3. Complementary Angles
When a pair of angles add up to 90 degrees, they're called complementary angles. These types of angles can be adjacent or nonadjacent.
These angles can also be found right in the classroom on your clock. They're the angles created between the minute and hour hands of a clock when they add up to 90 degrees.
4. Supplementary Angles
Supplementary angles combine to form a straight line. This angle pair represents two angles that add up to 180 degrees when put together.
Two sets of right angles can be supplementary as their sum is 180 degrees (90 + 90 =180), and a set of obtuse and acute angles can also be supplementary.
5. Corresponding Angles
Corresponding angles are in the same relative position on the two parallel lines and the transversal. They have equal measures.
Corresponding angles are found when a transversal intersects two parallel lines, such as in a fence or many different architectural structures.
6. Alternate Interior Angles
Angles that are on opposite sides of the transversal and inside the parallel lines are called alternate interior angles. They have equal measures.
7. Alternate Exterior Angles
Angles found on opposite sides of the transversal and outside the parallel lines are known as alternate exterior angles. Like alternate interior angles, these also have equal measures.
Like corresponding angles, alternate interior angles and alternate exterior angles can both be found when a transversal intersects two parallel lines.
8. Linear Pair
A linear pair is a set of two adjacent angles that is formed when two lines intersect each other at a single point.
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Missing Angle Task Cards
Practice how to find the measure of a missing angle with this set of 18 task cards.
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Angle Maker Template
Create and classify different angles with this handson printable template.
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Shapes and Symmetry  Worksheet
Monitor and assess your students' understanding of 2D shapes and their properties with this 2page worksheet.
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Drawing Angles Anchor Chart
Remind your students how to draw angles using a protractor with this classroom anchor chart.
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Measuring Angles Anchor Chart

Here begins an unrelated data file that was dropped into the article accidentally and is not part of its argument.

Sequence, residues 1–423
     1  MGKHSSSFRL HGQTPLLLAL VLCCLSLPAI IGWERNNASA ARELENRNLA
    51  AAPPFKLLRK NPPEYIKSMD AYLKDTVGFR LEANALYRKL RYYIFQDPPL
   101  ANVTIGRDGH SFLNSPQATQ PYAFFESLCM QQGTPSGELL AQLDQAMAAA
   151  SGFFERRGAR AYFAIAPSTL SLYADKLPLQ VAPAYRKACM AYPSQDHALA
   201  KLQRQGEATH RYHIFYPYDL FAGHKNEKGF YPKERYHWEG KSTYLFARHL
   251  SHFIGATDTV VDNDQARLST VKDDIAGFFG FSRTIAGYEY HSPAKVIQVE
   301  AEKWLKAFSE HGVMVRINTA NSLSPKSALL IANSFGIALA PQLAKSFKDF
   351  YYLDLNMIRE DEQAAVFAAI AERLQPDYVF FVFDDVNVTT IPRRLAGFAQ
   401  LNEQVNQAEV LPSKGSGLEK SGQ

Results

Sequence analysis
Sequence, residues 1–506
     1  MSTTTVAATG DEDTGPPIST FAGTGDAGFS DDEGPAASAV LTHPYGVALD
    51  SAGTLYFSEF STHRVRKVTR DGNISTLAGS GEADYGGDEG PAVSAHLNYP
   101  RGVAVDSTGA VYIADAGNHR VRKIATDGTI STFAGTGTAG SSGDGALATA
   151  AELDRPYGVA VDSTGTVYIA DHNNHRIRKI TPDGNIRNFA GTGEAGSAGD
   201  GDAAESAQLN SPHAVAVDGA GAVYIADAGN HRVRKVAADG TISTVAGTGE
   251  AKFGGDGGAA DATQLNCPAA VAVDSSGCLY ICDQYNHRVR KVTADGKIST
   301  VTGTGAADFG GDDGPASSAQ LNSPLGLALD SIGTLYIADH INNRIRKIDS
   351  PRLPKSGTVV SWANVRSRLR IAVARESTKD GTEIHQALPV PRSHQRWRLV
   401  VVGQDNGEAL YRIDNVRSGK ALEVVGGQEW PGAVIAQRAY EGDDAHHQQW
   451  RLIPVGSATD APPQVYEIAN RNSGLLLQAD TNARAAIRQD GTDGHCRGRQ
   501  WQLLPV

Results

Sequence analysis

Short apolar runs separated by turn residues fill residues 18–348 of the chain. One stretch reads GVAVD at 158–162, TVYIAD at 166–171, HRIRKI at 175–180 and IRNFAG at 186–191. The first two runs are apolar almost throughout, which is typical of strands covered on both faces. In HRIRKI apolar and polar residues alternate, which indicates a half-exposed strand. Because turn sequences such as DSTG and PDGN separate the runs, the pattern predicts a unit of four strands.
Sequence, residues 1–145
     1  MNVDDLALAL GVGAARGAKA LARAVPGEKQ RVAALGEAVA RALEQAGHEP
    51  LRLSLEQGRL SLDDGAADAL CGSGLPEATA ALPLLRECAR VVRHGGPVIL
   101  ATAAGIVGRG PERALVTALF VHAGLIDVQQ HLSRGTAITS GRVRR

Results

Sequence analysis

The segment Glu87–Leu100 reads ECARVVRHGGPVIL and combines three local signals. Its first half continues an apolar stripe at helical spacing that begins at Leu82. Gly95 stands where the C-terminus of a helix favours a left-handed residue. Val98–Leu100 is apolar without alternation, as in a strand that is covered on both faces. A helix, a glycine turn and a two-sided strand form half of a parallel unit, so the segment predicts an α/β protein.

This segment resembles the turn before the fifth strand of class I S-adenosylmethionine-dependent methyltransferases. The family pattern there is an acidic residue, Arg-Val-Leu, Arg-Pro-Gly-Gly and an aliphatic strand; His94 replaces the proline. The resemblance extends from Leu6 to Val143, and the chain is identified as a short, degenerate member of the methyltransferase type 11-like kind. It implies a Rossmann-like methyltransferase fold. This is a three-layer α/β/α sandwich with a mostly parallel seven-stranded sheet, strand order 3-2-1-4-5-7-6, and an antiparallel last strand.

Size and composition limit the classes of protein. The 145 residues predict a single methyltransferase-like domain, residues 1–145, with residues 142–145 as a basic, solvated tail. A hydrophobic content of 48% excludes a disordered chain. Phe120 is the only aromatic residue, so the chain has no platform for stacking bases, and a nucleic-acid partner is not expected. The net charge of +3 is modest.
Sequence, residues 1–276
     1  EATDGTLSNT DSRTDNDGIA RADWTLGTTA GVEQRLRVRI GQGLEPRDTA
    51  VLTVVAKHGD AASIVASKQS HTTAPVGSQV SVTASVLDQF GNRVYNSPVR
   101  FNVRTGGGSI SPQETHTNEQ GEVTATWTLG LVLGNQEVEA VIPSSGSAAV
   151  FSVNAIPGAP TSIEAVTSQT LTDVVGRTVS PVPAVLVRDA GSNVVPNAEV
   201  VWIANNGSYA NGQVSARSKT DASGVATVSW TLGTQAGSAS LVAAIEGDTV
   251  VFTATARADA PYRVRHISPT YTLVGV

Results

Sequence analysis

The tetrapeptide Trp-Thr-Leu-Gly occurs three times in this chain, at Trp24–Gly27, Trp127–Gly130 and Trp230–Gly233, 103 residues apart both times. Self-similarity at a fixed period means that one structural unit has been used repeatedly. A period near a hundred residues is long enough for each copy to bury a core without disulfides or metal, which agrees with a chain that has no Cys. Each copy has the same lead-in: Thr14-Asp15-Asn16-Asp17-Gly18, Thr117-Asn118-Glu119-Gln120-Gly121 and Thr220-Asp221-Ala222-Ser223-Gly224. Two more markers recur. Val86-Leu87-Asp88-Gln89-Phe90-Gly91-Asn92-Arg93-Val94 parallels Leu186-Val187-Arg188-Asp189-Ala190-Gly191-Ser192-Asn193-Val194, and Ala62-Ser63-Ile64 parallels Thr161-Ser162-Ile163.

Remind your students how to measure angles using a protractor with this classroom anchor chart.
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Types of Angles Teaching Slides
Teach your students about the six main angle types with this teaching presentation perfect for elementary school math lessons.
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Angle Sum of a Quadrilateral Worksheet
Calculate the missing angle in a variety of quadrilaterals with this onepage worksheet.
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Angles at a Point – 4th Grade Math Worksheet
A worksheet to use when learning about finding angles at a point.
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Supplementary Angles – 4th Grade Math Worksheet
Teach your students to identify and calculate supplementary angles with this onepage maths worksheet.
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Complementary Angles – 4th Grade Math Worksheet
Teach your students to identify and calculate complementary angles with this onepage maths worksheet.
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I Have, Who Has? – Complementary and Supplementary Angles Game
Play a wholeclass game to review complementary and supplementary angles.
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Drawing Angles Using a Protractor  Worksheets
A set of 3 worksheets to practice drawing angles using a protractor.
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Measuring Angles  Worksheets
A set of 3 worksheets to practice measuring angles using a protractor.

8 Angles Activities for Kids to Make Geometry Lessons More Engaging
Explore angles games and activities for fourth grade and beyond with this teachercreated list.